Twenty Saudi nationals are on trial in absentia in Turkey for the 2018 murder of Jamal Khashoggi inside the Saudi Consulate in Istanbul, including two former aides of Saudi Crown Prince Mohammed bin Salman. Ahmed al-Asiri, the former deputy head of Saudi Arabia's general intelligence, and Saud al-Qahtani, an ex-royal court adviser, are charged with instigating "premeditated murder with monstrous intent," alongside 18 others who could be sentenced to life in prison, reports the Guardian. Saudi Arabia has refused Turkey's calls that the suspects return to face trial. The country held its own secretive trial, concluding the Washington Post columnist was killed by rogue agents during what should have been a repatriation mission. Al-Asiri and al-Qahtani were acquitted. Five suspects were sentenced to death but have since been pardoned by Khashoggi's family.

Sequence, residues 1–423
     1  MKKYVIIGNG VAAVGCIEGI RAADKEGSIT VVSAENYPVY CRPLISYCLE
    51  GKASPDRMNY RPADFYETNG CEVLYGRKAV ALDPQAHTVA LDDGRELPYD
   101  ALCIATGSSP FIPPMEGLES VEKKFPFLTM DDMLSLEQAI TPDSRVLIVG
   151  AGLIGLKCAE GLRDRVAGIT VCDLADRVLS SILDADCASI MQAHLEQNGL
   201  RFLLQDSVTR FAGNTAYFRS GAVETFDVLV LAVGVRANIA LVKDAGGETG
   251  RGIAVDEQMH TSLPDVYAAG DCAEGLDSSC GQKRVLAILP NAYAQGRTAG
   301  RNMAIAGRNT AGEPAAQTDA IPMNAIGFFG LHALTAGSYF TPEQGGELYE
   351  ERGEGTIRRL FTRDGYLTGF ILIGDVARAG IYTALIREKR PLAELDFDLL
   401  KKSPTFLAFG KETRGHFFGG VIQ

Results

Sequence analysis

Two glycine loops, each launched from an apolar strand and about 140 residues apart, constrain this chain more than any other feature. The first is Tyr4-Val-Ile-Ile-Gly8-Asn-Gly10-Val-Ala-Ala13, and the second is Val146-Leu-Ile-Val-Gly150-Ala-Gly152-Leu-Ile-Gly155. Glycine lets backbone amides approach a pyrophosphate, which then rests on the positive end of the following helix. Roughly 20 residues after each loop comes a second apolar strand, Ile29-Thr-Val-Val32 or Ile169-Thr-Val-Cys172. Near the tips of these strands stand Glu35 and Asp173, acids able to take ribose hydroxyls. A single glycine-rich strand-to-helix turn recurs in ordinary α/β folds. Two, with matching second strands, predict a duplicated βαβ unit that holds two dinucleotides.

Agnes Callamard, the UN special rapporteur on extrajudicial executions, called the Saudi trial a mockery of justice and implicated the crown prince. She was present alongside Khashoggi's fiancee, Hatice Cengiz, as the trial kicked off Friday with consulate employees saying they were told not to come to work on the day of the killing, per the Washington Post. Both women hope the trial will reveal the full circumstances around Khashoggi's death and perhaps point to his undiscovered remains, per the Guardian. However, Turkish prosecutors believe Khashoggi—a fierce critic of bin Salman—was strangled inside the consulate before his body was dismembered with a bone saw and dissolved in acid on the premises. Per CBS News, they say the suspects had the goal of "taking the victim back to Saudi Arabia and of killing him if he did not agree." (Read more Jamal Khashoggi stories.)